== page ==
Okay friends, bear with us here: some things have happened since we recorded the podcast. For those of you who didn't know, Ryan Lochte claims he was robbed at gunpoint. Brazilian police say otherwise.
In conclusion, don't lie to your mom Here's what we know: on Aug. 14th, initial reports surfaced that Lochte had been robbed in Rio, while he and three friends were out for a night on the town. His mother confirms these reports to USA Today; then Lochte himself gives an account of the alleged robbery. The International Olympic Committee initially denies the reports, then apologies to Lochte and the others. But on Aug 16th, the police tell press, they can't find any evidence that the robbery happened (hmm). On Aug. 17th, Lochte leaves Brazil; two fellow swimmers are detained at the airport by authorities. Lochte sticks to his story of a robbery, but the details change. By Aug. 18th, (the day we recorded) the authorities say the group was definitely not victims of a robbery: apparently, they caused a ruckus at a gas station and got into a fight with staff, and a security guard pulled a weapon. Aug. 19th (today), Lochte apologizes for his behavior and promises to be "more careful and candid" in describing the incident.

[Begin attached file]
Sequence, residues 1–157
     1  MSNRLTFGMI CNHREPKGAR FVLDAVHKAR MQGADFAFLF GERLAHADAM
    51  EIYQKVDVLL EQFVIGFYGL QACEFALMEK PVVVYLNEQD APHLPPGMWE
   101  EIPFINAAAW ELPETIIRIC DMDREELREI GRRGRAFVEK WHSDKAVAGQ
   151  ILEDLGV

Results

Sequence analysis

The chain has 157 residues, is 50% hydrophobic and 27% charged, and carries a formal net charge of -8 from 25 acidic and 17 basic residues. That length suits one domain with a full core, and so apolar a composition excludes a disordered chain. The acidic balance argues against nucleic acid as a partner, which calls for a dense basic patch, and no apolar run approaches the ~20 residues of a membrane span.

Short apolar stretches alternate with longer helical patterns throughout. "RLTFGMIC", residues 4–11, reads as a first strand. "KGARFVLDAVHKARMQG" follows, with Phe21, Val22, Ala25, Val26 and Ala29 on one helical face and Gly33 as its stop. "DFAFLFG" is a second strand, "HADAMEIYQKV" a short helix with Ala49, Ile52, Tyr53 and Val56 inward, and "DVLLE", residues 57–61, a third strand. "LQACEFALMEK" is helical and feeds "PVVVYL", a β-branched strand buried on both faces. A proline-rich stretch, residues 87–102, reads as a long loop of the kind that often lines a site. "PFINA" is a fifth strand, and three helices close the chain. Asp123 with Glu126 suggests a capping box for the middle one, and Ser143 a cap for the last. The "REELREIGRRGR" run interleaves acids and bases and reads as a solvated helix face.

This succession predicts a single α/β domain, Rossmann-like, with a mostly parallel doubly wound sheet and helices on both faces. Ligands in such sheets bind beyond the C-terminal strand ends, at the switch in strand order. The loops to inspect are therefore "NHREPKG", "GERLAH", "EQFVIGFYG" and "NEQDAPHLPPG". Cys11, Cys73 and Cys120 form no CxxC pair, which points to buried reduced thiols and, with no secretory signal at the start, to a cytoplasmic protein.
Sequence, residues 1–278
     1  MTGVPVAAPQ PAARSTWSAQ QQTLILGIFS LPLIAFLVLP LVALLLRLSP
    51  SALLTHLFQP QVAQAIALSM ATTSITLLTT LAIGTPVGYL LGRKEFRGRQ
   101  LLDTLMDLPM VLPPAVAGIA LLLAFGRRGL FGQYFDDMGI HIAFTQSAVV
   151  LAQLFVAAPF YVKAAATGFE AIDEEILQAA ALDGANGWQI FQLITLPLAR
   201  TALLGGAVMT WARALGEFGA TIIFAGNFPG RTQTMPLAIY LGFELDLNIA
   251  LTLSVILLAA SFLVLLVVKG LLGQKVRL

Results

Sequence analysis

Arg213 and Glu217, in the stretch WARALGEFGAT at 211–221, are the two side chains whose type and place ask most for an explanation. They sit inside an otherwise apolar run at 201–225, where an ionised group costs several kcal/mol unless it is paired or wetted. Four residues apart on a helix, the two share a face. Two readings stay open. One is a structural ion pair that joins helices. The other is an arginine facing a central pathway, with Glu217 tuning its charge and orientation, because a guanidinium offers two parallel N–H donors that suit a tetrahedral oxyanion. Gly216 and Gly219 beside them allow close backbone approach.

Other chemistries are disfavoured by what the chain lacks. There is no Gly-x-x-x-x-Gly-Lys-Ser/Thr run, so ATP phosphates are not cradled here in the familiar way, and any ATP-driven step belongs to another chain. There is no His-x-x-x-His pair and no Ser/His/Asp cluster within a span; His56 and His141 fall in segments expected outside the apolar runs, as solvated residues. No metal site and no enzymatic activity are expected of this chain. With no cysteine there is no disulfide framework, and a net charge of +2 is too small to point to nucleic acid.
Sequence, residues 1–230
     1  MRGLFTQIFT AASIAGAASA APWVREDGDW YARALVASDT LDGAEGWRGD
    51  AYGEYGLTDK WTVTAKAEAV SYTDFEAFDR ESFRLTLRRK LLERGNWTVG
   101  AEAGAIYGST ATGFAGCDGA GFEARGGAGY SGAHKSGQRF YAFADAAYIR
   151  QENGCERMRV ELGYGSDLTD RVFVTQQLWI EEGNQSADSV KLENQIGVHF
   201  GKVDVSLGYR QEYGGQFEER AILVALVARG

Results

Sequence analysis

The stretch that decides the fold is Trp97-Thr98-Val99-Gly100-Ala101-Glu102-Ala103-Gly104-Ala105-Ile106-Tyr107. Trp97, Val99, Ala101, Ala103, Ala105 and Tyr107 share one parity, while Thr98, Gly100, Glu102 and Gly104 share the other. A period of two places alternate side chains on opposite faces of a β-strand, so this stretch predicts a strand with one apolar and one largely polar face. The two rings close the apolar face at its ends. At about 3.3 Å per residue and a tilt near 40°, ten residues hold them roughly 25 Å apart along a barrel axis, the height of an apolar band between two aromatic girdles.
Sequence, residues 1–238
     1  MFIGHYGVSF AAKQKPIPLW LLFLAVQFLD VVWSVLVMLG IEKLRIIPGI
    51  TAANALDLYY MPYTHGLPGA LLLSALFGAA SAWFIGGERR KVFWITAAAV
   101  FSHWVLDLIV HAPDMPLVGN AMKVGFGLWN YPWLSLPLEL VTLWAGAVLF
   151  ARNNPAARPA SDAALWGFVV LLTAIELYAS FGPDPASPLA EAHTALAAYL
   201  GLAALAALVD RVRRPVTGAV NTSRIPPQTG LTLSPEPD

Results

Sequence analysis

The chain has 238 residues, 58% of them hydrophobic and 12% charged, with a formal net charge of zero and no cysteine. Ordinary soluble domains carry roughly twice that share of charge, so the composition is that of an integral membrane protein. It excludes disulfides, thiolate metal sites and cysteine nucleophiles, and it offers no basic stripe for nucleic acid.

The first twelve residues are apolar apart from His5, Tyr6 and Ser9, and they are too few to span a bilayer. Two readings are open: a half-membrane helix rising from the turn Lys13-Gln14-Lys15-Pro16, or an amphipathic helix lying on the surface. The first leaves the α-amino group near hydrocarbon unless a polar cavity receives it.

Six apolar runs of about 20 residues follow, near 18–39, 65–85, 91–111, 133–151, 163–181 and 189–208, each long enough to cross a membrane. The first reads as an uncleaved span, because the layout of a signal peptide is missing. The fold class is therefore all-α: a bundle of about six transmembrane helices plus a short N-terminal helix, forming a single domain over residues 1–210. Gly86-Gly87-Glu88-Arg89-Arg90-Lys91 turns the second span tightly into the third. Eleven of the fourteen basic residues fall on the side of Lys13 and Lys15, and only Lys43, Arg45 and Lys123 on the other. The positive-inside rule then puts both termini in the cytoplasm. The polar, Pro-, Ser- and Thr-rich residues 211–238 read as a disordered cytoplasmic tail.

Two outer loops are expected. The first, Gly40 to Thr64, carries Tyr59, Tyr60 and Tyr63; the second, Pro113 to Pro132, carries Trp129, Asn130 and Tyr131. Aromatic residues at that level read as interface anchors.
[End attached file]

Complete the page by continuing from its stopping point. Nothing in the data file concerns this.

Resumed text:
Liz's personal theory of how this all spiraled out of control? Lochte told his mother a sanitized version of events — omitting vandalism, for instance — and characterized the altercation as a robbery. His mother, furious at the thought anyone might have done harm to her special boy, tipped off the press. And that's how a lie Lochte told his mom caused an international incident. In conclusion, don't lie to your mom.
Your mom's done a lot for you, of course — but not just for you. She's also done rather a lot for your bacteria! Later in the podcast, science writer Ed Yong of The Atlantic comes on to tell Liz and Emily about his new book, I Contain Multitudes, a book about how animals (including humans) and bacteria interact. Not only will you find out how your mom helped shape your gut bacteria, you'll hear about the Russian nesting dolls of bacteria that live on bugs, and why it's so difficult to alter one's microbiome for the purposes of medicine. You aren't just a person, you're an ecosystem — in fact, several ecosystems. Tune in to hear why probiotics might not live up to their hype, how one type of bacteria is eliminating males of certain species, and why cooperation in nature is less friendly than it sounds.